Comprehensive Agricultural Zoning of China Editorial Board, National agricultural zoning committee. Comprehensive Agricultural Zoning Of China. Beijing: China Agriculture Press (1981).
Zhou, J. M. & Shen, R. F. Dictionary of Soil Science. Beijing: Science Press (2013).
Ding, Y. H., Wang, S. W., Zheng, J. Y., Wang, H. J. & Yang, X. Q. Climate In China. Beijing: Science Press (2013).
Zhang, D. & Gao, X. Z. Discussion on the comprehensive control measures for sloping farm land in black soil district. Jilin Water Resources 8, 58–60 (2010).
Xu, M. G., Liang, G. Q. & Zhang, F. D. China’s Evolution Of Soil Fertility. Beijing: China Agriculture Scientech Press (2006).
Xie, A., Sun, Y. G. & Bai, R. H. Arid climate trend over Northeastern China and its response to global warming. Acta Geograhica Sinica 58, 75–82 (2003).
Ma, J. Y., Xu, Y. L. & Pan, J. Analysis of agro-meteorological disasters tendency variation and the impacts on grain yield over northeast China. Chinese Journal Of Agrometeorology 32, 283–288 (2012).
Center of the national agricultural technology extension service. Records Of Nutrients In Organic Fertilizer In China. Beijing: China Agriculture Press (1999).
Gong, Z. T., Huang, R. J. & Zhang, G. L. Pedogeography Of China. Beijing: Science Press (2014).
Zhang, Y. C. Research of relations between climate change during history and rice plant area development in China. Chinese Science Bulletin 27, 234–241 (1982).
Grogan, D. S. et al. Quantifying the link between crop production and mined groundwater irrigation in China. Sci. Total. Environ. 511, 161–175 (2015).
Jackson, R. B. et al. Trading water for carbon with biological sequestration. Science 310, 1944–1947 (2005).
Li, C. S., Frolking, S. & Frolking, T. A. A Model of nitrous-oxide evolution from soil driven by rainfall events. 1. Model structure and sensitivity. J Geophys Res-Atmos 97, 9759–9776 (1992).
Institute of Soil Science, Academia Sinica. The Soil Atlas Of China. Beijing: Cartographic Publishing House (1986).
National Soil Survey Office of China. Soils In China. Beijing: Agricultural Publishing House; vol. 1–6, 1993–1997.
Tang, H., Qiu, J., Ranst, E. V. & Li, C. Estimations of soil organic carbon storage in cropland of China based on DNDC model. Geoderma 134, 200–206 (2006).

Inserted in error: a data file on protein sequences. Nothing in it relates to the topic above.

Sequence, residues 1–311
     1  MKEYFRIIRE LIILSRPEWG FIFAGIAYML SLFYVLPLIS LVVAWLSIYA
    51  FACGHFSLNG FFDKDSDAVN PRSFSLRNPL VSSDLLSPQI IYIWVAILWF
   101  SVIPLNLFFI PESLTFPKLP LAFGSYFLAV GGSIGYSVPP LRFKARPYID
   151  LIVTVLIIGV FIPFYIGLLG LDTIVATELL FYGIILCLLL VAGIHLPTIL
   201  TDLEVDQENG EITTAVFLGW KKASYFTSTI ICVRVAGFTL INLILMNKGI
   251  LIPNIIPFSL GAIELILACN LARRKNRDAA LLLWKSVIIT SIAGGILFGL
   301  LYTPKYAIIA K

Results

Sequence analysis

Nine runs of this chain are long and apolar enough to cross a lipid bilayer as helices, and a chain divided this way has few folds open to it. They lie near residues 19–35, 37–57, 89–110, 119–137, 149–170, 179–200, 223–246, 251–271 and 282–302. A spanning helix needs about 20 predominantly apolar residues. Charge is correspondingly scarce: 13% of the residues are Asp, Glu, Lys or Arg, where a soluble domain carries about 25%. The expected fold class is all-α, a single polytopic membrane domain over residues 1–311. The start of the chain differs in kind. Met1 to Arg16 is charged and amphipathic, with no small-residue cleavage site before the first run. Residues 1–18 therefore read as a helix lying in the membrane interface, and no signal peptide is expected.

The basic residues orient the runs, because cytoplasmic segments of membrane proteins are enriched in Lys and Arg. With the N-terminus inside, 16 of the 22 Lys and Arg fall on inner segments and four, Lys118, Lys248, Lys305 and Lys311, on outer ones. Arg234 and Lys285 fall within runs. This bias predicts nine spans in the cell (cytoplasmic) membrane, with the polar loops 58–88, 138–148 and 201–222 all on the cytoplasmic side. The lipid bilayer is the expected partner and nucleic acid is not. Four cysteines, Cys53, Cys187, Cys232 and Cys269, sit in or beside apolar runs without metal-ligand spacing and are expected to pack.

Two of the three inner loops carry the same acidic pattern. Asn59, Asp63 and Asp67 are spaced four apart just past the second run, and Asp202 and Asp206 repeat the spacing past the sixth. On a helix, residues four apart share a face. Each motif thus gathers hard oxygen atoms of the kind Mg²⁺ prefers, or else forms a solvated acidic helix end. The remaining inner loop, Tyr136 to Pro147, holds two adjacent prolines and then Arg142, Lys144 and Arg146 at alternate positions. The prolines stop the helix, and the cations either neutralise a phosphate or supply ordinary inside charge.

Cui, D. C., Liu, H. S. & Min, J. R. Atlas Of Major Agricultural Climate Resources Of China. Beijing: Meteorological Press (1984).
Liu, X. H. & Chen, F. Farmring Systems In China. Beijing: China Agriculture Press (2005).
Rienecker, M. M. et al. MERRA: NASA’s modern-era retrospective analysis for research and applications. Journal of Climate 24, 3624–3648 (2011).
Cai, Z. C. et al. Field validation of the DNDC model for greenhouse gas emissions in East Asian cropping systems. Global Biogeochem Cy 17, 1107 (2003).
Giltrap, D. L., Li, C. & Saggar, S. DNDC: A process-based model of greenhouse gas fluxes from agricultural soils. Agriculture, ecosystems & environment 136, 292–300 (2010).
Smith, W. N. et al. Crop residue removal effects on soil carbon: Measured and inter-model comparisons. Agriculture, Ecosystems & Environment 161, 27–38 (2012).
Oreskes, N. The role of quantitative models in science. in Models in Ecosystem Science (ed. Canham, C.D., Cole, J.J., Lauenroth, W.K.) Princeton: Princeton University Press, 13–31 (2003).
We thank for the comments from editor and anonymous reviewers. The work was mostly conducted during a visiting stay at the Institute for the Study of Earth, Oceans and Space, UNH. This work was supported by NSFC grant 41301213, Key Research Program of the Chinese Academy of Sciences (KZZD-EW-04), One-Thousand Youth Talent Project 122990901606 and the Fundamental Research Funds for the Central University. The China base map data was provided by Data Center for Resources and Environmental Sciences, Chinese Academy of Sciences (RESDC, http://www.resdc.cn/).
The authors declare that they have no competing interests.
Publisher's note: Springer Nature remains neutral with regard to jurisdictional claims in published maps and institutional affiliations.
About this article
Cite this article
Zhang, F., Wang, Z., Glidden, S. et al. Changes in the soil organic carbon balance on China’s cropland during the last two decades of the 20th century. Sci Rep 7, 7144 (2017). https://doi.org/10.1038/s41598-017-07237-1
This article is cited by
Science China Life Sciences (2022)